STW 5 is effective in dextran sulfate sodium-induced colitis in rats.

Wadie, W., H. Abdel-Aziz, H. F. Zaki, O. Kelber, D. Weiser, and M. T. Khayyal, "STW 5 is effective in dextran sulfate sodium-induced colitis in rats.", International journal of colorectal disease, vol. 27, issue 11, pp. 1445-53, 2012 Nov.


PURPOSE: An herbal preparation, STW 5, used clinically in functional dyspepsia and irritable bowel syndrome, has been shown to possess properties that may render it useful in inflammatory bowel disease (IBD). The present work was conducted to study its effectiveness in a rat model of IBD.

METHODS: An experimental model reflecting ulcerative colitis in man was adopted, whereby colitis was induced in Wistar rats by feeding them 5 % dextran sulfate sodium (DSS) in drinking water for one week. STW 5 and sulfasalazine (as a reference standard) were administered orally daily for 1 week before colitis induction and continued during DSS feeding. The animals were then sacrificed, and the severity of colitis was evaluated macroscopically and microscopically. Colon samples were homogenized for determination of reduced glutathione, tumor necrosis factor-α, and cytokine-induced neutrophil chemoattractant-3 as well as myeloperoxidase, glutathione peroxidase, and superoxide dismutase. In addition, colon segments were suspended in an organ bath to test their reactivity towards carbachol, KCl, and trypsin.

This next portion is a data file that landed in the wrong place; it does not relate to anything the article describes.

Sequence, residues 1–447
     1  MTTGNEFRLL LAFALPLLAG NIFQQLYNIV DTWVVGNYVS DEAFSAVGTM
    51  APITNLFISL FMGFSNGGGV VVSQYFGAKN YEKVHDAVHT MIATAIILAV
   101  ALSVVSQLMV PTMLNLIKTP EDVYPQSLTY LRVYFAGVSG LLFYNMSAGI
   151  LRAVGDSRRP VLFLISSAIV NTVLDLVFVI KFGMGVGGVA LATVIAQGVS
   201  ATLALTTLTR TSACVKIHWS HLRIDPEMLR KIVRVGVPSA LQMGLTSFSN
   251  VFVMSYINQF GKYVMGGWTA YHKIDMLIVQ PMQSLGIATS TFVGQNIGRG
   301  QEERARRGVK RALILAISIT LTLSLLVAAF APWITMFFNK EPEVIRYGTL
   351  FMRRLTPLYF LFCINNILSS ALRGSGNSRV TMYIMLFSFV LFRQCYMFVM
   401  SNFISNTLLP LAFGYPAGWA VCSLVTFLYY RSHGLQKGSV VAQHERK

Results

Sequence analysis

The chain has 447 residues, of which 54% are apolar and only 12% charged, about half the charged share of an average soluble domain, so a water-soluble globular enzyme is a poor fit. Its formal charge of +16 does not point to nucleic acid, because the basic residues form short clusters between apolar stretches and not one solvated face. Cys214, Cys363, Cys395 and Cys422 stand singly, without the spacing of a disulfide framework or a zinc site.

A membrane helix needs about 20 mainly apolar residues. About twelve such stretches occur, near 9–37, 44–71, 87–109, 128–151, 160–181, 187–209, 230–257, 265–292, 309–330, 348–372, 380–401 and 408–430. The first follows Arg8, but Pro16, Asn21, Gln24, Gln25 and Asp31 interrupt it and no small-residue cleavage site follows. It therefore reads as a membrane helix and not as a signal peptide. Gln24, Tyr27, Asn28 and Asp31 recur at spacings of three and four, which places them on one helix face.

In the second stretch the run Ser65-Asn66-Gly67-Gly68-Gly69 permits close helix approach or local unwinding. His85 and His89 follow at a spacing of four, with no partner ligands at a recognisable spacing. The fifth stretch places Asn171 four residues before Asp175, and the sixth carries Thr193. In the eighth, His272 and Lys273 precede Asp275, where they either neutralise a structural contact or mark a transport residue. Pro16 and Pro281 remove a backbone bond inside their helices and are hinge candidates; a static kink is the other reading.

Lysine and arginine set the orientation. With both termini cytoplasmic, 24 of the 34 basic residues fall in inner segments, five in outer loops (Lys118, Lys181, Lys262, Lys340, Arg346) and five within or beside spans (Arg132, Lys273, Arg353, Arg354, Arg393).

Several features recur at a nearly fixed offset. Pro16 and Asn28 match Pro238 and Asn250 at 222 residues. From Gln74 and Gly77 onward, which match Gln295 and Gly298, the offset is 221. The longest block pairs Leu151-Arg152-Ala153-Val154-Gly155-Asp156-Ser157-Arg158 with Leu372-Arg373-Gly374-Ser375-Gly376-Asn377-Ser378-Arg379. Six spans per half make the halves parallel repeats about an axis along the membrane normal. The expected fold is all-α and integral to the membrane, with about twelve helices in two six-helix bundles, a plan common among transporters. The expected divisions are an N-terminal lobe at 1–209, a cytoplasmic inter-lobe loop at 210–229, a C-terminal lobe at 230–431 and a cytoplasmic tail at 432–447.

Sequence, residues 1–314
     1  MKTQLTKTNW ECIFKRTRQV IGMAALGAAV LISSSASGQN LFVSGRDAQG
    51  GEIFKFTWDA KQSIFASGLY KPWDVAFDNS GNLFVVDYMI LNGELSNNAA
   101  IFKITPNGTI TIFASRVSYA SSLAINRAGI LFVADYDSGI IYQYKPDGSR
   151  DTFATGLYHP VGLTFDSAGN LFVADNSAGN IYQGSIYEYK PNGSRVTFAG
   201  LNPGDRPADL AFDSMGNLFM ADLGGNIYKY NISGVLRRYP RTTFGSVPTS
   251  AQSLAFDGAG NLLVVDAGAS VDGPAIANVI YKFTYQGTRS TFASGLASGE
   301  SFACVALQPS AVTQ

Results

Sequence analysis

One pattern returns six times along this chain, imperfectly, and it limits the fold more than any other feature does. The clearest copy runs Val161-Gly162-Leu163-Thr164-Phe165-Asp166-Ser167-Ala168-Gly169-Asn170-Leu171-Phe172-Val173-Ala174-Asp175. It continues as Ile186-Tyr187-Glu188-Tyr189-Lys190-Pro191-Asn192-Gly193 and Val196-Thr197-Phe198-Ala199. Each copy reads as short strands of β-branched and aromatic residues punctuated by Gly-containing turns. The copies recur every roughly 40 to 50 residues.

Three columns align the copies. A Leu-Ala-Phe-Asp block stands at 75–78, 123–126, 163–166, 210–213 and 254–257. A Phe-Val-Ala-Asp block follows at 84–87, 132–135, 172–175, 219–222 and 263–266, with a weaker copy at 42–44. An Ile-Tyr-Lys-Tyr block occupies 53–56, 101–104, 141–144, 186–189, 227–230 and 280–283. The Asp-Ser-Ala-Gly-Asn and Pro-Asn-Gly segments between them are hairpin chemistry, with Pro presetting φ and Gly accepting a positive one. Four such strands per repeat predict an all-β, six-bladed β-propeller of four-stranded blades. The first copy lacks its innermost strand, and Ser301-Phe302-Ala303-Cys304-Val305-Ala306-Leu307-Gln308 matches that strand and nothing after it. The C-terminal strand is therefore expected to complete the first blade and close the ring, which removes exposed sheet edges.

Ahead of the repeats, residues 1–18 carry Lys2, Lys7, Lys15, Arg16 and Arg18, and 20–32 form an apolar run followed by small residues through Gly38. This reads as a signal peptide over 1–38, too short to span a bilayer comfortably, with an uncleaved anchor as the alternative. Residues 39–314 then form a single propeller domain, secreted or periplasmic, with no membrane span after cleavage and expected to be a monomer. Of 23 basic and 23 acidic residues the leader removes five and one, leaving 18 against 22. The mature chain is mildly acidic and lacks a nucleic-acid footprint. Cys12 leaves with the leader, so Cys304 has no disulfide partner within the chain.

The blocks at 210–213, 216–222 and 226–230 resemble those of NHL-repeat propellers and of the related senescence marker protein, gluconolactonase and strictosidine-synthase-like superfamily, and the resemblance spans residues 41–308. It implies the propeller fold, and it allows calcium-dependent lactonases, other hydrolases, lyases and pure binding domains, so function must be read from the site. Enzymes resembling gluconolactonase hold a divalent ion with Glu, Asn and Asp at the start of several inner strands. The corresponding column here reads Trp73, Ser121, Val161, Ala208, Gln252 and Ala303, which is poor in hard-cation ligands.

RESULTS: STW 5 and sulfasalazine were both effective in preventing the shortening of colon length and the increase in both colon mass index and total histology score as well as the changes in biochemical parameters measured except changes in dismutase activity. DSS-induced colitis led to marked depression in colonic responsiveness to the agents tested ex vivo, an effect which was normalized by both drugs.

CONCLUSIONS: The findings point to a potential usefulness of STW 5 in the clinical setting of ulcerative colitis.